An instance of that continuous flow of matter and transformation of geology of the territory is found at Evangelismos (Ευαγγελισμός) Station. Here, and as demonstrated by Korres’ maps of the ancient material flows, large pieces of marble are sliding from the Penteli mount and towards the Acropolis hill, following the sloped direction of the terrain . Additional flows of water are marking the site, another more ancient instance of Peisistratos’ aqueduct from 510 BC appearing on site, along with the captured Ilisos river continuing to flow within subterranean tunnels under the city. Once a place where live matter dominated the landscape in the form of plane trees and luscious gardens for philosophical contemplation is now hidden under the city with the infrastructural interventions for the management of water on site.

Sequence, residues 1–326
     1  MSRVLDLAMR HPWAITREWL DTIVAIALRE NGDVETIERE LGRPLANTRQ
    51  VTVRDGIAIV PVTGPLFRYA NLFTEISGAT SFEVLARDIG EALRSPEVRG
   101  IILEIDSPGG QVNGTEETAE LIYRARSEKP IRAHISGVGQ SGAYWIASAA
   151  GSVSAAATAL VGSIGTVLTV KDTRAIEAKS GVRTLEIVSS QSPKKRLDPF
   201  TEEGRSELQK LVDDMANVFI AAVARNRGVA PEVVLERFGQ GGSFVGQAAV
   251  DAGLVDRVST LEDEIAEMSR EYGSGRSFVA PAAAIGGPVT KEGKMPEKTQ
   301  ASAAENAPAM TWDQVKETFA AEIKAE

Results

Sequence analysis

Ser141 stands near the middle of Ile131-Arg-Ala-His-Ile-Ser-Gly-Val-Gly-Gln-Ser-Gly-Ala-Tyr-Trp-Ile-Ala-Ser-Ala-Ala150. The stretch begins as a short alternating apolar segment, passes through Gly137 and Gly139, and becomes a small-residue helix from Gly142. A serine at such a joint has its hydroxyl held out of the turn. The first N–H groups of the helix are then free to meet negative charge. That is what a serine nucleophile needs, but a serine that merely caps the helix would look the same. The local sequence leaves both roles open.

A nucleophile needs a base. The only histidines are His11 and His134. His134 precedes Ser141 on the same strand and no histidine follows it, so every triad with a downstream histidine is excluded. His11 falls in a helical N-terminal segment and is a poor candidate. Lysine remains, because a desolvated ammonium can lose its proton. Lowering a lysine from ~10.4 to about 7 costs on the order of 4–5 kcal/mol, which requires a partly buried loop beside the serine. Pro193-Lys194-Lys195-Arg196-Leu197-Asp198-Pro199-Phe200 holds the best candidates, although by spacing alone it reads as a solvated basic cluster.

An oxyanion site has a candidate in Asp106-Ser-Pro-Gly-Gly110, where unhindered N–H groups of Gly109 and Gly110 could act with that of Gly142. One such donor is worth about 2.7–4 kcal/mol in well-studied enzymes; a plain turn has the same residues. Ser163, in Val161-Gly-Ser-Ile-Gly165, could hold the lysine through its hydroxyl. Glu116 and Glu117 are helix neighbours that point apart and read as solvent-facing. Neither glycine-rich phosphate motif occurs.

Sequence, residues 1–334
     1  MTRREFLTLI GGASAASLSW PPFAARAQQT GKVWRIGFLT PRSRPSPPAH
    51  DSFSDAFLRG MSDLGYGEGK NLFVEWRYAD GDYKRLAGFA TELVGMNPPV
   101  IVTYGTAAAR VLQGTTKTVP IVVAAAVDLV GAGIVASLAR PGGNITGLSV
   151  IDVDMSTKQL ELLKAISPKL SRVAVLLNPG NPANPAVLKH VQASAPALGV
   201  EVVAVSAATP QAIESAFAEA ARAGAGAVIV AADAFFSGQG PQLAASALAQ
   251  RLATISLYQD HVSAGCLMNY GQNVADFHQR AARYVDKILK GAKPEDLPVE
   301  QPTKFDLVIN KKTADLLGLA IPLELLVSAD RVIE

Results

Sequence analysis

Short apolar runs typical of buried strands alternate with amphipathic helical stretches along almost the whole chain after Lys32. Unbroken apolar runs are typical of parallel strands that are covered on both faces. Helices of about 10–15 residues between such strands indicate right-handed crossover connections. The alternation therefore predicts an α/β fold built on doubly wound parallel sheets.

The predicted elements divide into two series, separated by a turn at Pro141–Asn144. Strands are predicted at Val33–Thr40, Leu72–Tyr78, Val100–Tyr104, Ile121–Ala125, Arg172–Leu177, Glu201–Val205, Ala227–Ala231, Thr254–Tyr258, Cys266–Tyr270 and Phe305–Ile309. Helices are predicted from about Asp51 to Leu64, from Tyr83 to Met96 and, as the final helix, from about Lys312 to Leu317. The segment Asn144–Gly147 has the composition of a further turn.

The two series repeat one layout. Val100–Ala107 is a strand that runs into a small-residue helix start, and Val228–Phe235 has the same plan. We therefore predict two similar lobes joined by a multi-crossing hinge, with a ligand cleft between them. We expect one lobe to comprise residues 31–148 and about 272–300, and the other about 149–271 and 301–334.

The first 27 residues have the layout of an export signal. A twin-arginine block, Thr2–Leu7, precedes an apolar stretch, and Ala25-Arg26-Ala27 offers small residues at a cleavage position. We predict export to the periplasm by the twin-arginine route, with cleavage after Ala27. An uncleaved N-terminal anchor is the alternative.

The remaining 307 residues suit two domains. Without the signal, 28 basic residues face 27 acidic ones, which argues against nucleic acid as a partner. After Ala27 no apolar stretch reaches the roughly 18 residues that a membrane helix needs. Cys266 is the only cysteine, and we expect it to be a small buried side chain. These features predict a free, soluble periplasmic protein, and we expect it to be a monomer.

The proposed Gardens of Life are expressive of flows. The buried river of Ilisos emerges on the surface of the landscape as a series of fluctuating flows of water across the landscape, entangled with a series of marble pieces which are positioned on site to signify the ancient material flows from Penteli to the Acropolis. Plane trees are replanted across the site, reminiscent of the ancient luscious landscape of water creeks and large tree canopies that was used by Socrates as a place for contemplation.